What is a 90-Day P.R. Bond (“Personal Bond”)?

Statue holding the scales of justice with overlay text saying "Rights Protection, Zealous Representation, Case J. Darwin, Inc.""A “P.R. Bond” is defined by the law as a “personal bond” and allows a defendant to leave on his own recognizance. This means that the defendant does not have to post a bond. The defendant simply gives his word that he will show up for the future court date if and when it occurs, and faces further criminal penalties if he fails to appear.

The most well-known personal bond is the 90 day P.R. bond. After 90 days of incarceration and if the State has not indicted a defendant, such a person is generally entitled to a 90-day personal bond. This is not the only form of a personal bond, as misdemeanor offenses have a shorter waiting period, with those charged with fine-only misdemeanors being eligible after only five days of detention without indictment. 


Personal Bonds In Texas Law

Texas Code of Criminal Procedure article 17.151, “Release because of delay,” provides statutorily for a personal bond. The article provides in full:

Sec. 1. A defendant who is detained in jail pending trial of an accusation against him must be released either on personal bond or by reducing the amount of bail required, if the state is not ready for the trial of the criminal action for which he is being detained within:

  1. 90 days from the commencement of his detention if he is accused of a felony;
  2. 30 days from the commencement of his detention if he is accused of a misdemeanor punishable by a sentence of imprisonment in jail for more than 180 days;
  3. 15 days from the commencement of his detention if he is accused of a misdemeanor punishable by a sentence of imprisonment for 180 days or less; or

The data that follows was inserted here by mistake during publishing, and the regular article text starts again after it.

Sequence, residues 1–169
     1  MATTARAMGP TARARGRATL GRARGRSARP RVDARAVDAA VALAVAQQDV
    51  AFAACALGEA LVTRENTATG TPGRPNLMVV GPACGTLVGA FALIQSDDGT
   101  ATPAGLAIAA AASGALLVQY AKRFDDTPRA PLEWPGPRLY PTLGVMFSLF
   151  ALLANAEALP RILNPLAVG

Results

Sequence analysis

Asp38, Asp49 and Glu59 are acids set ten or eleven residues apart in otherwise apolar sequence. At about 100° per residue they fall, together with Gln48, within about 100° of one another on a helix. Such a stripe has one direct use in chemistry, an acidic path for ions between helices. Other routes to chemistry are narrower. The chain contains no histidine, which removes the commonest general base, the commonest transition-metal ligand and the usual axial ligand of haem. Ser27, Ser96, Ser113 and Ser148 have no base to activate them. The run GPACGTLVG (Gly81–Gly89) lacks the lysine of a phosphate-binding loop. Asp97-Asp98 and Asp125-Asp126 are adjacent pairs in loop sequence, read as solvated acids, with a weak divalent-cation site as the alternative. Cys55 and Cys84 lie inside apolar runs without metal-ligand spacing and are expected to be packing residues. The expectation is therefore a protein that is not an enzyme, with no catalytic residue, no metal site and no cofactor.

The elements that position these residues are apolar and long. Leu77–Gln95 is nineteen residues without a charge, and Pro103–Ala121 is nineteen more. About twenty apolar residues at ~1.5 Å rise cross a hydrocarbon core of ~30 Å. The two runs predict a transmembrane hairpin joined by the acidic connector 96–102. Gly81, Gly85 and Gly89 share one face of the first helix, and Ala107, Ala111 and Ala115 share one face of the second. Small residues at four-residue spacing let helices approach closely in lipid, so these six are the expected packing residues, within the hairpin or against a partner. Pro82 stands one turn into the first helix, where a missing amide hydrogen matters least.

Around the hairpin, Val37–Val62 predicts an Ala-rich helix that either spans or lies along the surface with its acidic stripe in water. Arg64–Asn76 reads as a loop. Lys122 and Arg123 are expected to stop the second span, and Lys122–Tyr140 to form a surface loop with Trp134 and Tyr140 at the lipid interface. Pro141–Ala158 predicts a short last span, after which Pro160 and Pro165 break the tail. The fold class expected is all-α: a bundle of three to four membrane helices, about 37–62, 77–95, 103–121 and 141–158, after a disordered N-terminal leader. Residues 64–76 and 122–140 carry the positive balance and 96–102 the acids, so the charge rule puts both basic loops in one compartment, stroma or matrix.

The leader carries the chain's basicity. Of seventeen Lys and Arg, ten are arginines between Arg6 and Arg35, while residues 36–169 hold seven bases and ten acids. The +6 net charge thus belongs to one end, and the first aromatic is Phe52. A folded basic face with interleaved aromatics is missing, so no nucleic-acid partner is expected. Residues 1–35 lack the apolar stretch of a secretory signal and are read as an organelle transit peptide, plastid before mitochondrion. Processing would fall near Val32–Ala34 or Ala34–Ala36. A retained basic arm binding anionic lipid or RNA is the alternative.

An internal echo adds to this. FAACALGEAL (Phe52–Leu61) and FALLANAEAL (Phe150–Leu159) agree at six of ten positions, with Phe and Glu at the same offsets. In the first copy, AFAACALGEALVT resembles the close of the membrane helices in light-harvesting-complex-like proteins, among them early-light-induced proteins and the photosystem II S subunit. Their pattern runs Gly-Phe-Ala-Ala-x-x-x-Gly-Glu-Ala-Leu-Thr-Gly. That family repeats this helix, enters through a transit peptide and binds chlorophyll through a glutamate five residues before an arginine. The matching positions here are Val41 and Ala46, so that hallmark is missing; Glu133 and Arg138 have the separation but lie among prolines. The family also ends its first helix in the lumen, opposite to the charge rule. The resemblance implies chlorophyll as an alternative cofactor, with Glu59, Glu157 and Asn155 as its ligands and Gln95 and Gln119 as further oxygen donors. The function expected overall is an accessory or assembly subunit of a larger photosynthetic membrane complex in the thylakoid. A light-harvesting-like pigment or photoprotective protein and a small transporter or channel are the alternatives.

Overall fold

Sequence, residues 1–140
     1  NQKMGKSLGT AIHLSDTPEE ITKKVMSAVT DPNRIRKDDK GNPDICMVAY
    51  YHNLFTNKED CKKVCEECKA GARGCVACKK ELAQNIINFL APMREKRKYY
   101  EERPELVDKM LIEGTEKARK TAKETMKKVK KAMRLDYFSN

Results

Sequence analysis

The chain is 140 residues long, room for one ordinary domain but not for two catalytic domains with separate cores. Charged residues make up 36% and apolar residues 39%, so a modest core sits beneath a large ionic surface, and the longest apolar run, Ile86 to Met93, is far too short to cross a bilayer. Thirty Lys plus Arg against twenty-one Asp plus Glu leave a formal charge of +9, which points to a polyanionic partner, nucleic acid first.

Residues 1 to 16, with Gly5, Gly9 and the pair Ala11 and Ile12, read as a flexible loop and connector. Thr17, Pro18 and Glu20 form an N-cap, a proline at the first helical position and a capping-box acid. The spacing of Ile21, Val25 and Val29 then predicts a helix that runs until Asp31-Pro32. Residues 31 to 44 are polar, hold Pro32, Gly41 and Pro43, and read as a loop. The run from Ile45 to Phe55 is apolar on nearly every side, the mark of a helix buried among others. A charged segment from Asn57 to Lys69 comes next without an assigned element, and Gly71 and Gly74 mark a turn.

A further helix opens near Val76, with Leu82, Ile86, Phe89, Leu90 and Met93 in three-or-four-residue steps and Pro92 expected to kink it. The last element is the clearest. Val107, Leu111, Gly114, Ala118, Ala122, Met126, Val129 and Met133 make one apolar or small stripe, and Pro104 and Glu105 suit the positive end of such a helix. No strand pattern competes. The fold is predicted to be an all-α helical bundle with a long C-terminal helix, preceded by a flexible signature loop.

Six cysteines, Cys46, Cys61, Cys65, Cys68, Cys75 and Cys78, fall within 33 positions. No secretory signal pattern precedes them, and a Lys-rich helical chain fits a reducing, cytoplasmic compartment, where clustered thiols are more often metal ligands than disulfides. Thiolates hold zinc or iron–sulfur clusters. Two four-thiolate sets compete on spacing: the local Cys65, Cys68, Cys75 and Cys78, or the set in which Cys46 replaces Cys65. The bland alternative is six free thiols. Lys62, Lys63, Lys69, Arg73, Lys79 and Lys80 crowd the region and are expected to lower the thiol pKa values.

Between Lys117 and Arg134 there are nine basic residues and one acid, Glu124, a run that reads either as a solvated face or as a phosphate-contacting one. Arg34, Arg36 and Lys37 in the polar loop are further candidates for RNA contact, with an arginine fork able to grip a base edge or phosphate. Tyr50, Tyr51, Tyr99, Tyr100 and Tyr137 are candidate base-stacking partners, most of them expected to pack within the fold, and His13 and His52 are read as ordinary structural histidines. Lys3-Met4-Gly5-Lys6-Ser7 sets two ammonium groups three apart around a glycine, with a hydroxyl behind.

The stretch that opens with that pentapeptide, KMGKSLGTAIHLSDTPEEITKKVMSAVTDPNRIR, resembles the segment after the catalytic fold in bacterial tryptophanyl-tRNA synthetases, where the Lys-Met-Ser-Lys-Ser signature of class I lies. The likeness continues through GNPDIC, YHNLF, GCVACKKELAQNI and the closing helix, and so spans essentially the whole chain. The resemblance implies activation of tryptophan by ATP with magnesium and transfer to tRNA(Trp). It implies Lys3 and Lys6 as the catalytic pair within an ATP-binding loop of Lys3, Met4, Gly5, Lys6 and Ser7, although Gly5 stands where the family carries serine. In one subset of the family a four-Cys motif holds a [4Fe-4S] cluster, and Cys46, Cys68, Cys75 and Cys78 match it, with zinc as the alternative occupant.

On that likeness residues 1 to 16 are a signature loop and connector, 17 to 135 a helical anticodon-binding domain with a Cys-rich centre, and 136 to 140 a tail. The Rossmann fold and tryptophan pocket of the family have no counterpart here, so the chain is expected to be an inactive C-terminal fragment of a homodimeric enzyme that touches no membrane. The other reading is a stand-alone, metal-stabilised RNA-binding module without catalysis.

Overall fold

4. five days from the commencement of his detention if he is accused of a misdemeanor punishable by a fine only.

Sec. 2. The provisions of this article do not apply to a defendant who is:

  1. serving a sentence of imprisonment for another offense while the defendant is serving that sentence;
  2. being detained pending trial of another accusation against the defendant as to which the applicable period has not yet elapsed;
  3. incompetent to stand trial, during the period of the defendant’s incompetence; or
  4. being detained for a violation of the conditions of a previous release related to the safety of a victim of the alleged offense or to the safety of the community under this article.

See TEX. CODE CRIM. PROC. ANN. art. 17.151 (West 2018).



For those accused of a felony, the defendant is generally entitled to a personal bond after 90 days of incarceration have elapsed if the defendant has not been indicted. 

Defendants exempt from obtaining a bond are those who have a “hold” in another jurisdiction or are not trusted by the court to follow through on the conditions of the bond. A hold means that a defendant has a capias or warrant in another jurisdiction or a charge in another jurisdiction where bond has not been posted.

The 90 Day P.R. Bond Process

As with other personal bonds and bond reductions, only an attorney can get this done for you. The attorney will either get an agreed order from the State or, if the State will not agree, the attorney will have to bring the defendant to court for a hearing in front of the Judge. The Judge would then be required to grant the defendant a personal bond if the defendant so qualifies and has not been indicted yet.


Bonds for Misdemeanors

Misdemeanors have lesser punishments than felonies but can still result in jail time prior to indictment.

Class A Misdemeanors

There is only a 30-day requirement of incarceration without the filing of information for class A misdemeanors (information is the charging document in a misdemeanor case, versus an indictment in a felony case).

Class B Misdemeanor

There is only a 15-day requirement of incarceration without the filing of an information for class B misdemeanors. 

Class C Misdemeanor

This almost never occurs because a Class C Misdemeanor is not punishable by any jail time whatsoever. There is a minimum of five days of jail time without indictment before a personal bond can be requested. 


The Bottom Line

You will need to get an attorney to accomplish this for you. Only an attorney can coordinate a 90-day personal bond with the District Attorney’s Office. They can also get you a bond hearing in front of a district judge. Contact Case J. Darwin, we are here to help!

top criminal attorneys in san antonio
San Marcos Criminal Defense Lawyers Association
Avvo logo
Expertise Award for Best Criminal Defense Lawyers in San Antonio 2020